Should Slaves Obey Their Masters?

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November 16, 2017

Colossians 3:22-4:1

22 Slaves, obey your earthly masters in everything; and do it, not only when their eye is on you and to curry their favor, but with sincerity of heart and reverence for the Lord. 23 Whatever you do, work at it with all your heart, as working for the Lord, not for human masters, 24 since you know that you will receive an inheritance from the Lord as a reward. It is the Lord Christ you are serving. 25 Anyone who does wrong will be repaid for their wrongs, and there is no favoritism.
4 Masters, provide your slaves with what is right and fair, because you know that you also have a Master in heaven.

CONSIDER THIS

Slaves, obey your earthly masters in everything. . . 

Surely this must be among the most controversial texts in all of Scripture. Suppose a child living in a remote part of the world reads (or has read to them) Colossians 3 today. Suppose they were a modern day slave making mud bricks or grinding grain. We would want them to heed v.20 about obeying their parents, right? But how would we expect them to deal with today’s text? How would we have expected slaves in America in the 19th century to deal with it?

Just a few verses earlier, with the stroke of a pen, Paul seemed to abolish slavery when he said in Christ there is neither slave nor free. Now he says slaves obey your masters. We need to go all the way back to v.2 to frame our understanding:

2 To God’s holy people in Colossae, the faithful brothers and sisters in Christ:

Remember those four key words? “In Colossae,. . . in Christ.” It is only as the “in Christ” reality takes root “in Colossae” that the New Creation begins to flourish and change. So Paul begins with the new reality and then he goes to work in the real world. You can’t expect to read the letter on Sunday and abolish slavery on Monday; however, everyone who heard the letter can change the nature of slavery immediately through the power of the Holy Spirit changing their own hearts.

On the one  hand, change cannot wait on new laws to be formed. The kind of change most needed cannot even be effected by laws. It must happen in the hearts and minds of masters and slaves. On the other hand, slaves can’t wait on masters to change (i.e. come to Jesus). Gradualism, as Martin Luther King, Jr., called it, is not a strategy. We can look to the likes of Harriet Tubman and Sojourner Truth on the one hand and William Wilberforce on the other to see the ways salvation “in Christ” upends sin “in England” and “in America” through the abolition of slavery.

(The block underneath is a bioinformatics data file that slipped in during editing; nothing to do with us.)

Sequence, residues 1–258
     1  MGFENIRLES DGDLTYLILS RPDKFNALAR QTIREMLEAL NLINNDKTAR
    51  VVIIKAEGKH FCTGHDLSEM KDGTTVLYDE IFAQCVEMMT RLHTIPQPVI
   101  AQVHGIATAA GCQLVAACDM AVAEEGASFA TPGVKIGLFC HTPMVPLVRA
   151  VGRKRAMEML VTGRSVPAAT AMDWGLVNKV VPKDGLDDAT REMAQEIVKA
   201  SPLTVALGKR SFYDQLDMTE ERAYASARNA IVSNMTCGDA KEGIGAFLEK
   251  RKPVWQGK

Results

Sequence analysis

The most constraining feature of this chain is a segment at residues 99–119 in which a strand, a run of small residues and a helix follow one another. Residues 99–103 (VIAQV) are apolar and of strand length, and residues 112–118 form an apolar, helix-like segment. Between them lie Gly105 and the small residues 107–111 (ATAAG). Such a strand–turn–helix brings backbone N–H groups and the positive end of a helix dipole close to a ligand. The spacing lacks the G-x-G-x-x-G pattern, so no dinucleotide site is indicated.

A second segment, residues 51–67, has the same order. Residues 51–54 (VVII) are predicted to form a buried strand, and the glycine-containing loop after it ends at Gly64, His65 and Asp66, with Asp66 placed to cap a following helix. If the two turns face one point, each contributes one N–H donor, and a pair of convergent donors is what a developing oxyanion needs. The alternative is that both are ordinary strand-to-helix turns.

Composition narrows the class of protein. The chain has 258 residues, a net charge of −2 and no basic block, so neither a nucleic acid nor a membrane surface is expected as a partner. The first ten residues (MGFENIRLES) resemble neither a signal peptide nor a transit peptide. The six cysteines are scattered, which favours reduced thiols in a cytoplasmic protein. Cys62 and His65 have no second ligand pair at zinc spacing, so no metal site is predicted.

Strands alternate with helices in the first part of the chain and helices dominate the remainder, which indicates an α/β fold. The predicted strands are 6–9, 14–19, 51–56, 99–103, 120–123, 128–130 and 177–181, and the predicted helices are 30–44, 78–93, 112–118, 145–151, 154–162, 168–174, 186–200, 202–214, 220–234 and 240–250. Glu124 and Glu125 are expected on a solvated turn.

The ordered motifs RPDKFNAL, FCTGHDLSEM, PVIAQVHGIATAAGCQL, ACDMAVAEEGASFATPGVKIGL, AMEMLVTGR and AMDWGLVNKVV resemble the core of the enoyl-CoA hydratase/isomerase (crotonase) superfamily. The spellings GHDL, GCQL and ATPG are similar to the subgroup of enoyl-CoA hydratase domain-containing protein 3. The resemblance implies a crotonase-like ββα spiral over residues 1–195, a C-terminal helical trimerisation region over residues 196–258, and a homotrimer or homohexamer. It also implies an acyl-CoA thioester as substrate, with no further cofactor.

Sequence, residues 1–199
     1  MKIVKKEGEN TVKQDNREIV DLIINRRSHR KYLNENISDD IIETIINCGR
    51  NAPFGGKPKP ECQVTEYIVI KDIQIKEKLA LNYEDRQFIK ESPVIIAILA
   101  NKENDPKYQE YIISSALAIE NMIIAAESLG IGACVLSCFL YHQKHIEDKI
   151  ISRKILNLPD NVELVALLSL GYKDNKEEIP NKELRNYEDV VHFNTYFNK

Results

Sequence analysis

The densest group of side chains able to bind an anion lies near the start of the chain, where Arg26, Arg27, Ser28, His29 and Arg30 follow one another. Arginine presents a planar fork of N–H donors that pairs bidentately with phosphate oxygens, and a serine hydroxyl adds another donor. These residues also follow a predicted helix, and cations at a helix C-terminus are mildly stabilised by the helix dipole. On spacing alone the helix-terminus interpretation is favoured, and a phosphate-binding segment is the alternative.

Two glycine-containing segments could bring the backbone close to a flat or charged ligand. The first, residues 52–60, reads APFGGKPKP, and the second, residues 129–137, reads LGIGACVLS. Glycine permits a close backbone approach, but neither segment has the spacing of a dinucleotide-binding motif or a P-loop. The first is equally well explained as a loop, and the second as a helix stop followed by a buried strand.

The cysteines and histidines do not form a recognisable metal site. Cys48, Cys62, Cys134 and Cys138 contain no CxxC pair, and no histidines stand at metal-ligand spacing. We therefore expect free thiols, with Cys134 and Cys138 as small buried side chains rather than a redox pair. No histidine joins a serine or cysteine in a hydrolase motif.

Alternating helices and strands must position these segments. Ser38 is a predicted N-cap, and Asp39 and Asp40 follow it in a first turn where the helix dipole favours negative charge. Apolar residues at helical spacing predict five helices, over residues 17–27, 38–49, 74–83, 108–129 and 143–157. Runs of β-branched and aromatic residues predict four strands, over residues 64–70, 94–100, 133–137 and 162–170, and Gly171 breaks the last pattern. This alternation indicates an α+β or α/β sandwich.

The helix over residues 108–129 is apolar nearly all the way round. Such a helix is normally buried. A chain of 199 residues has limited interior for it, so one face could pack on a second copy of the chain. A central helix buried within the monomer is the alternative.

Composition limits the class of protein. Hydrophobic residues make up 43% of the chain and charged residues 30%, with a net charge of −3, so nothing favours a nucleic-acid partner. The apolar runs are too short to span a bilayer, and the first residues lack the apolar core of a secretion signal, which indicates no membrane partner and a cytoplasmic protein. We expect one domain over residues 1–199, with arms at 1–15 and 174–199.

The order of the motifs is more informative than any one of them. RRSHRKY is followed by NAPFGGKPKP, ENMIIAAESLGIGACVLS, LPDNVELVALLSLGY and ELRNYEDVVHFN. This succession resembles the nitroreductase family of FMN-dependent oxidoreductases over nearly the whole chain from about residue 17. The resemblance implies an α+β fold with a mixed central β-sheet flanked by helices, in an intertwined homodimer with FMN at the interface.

As you are likely aware, slavery in the world today is worse than it has ever been. There are many modern day Tubmans and Truths and Wilberforces striking major blows on a daily basis. I would encourage us all to join them in one way or another as a part of our discipleship to Jesus.

Slaves, obey your earthly masters in everything. . . Paul is not somehow affirming the institution of slavery in the Bible. He is dealing with discipleship on Monday morning in Colossae. On another front, Paul is working on behalf of one of his associate pastors, Onesimus, who happens to be a run away slave. That’s what his letter to Philemon, also in the New Testament, is all about—setting slaves free.

THE PRAYER

Abba Father, we thank you for your son, Jesus, who being in very nature God took on the nature of a slave. Open my eyes to the ways I am yet enslaved to sin and help me understand how my own slavery contributes to slavery everywhere it is found. I want to live fully “in Christ” and I want that for everyone else. We pray in Jesus name. Amen.

THE QUESTIONS

  1. How do you reflect on the reality that the Bible has been used to justify slavery through the centuries owing to texts like todays?
  2. How do you deal with the fact that sweeping social change takes time and yet an approach of “gradualism” is not an acceptable strategy?
  3. Are you presently involved in the movement to end slavery in the world? Check out enditmovement.com to learn more.

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J.D. Walt, is a Bond Slave of the Lord Jesus Christ. jd.walt@seedbed.com.

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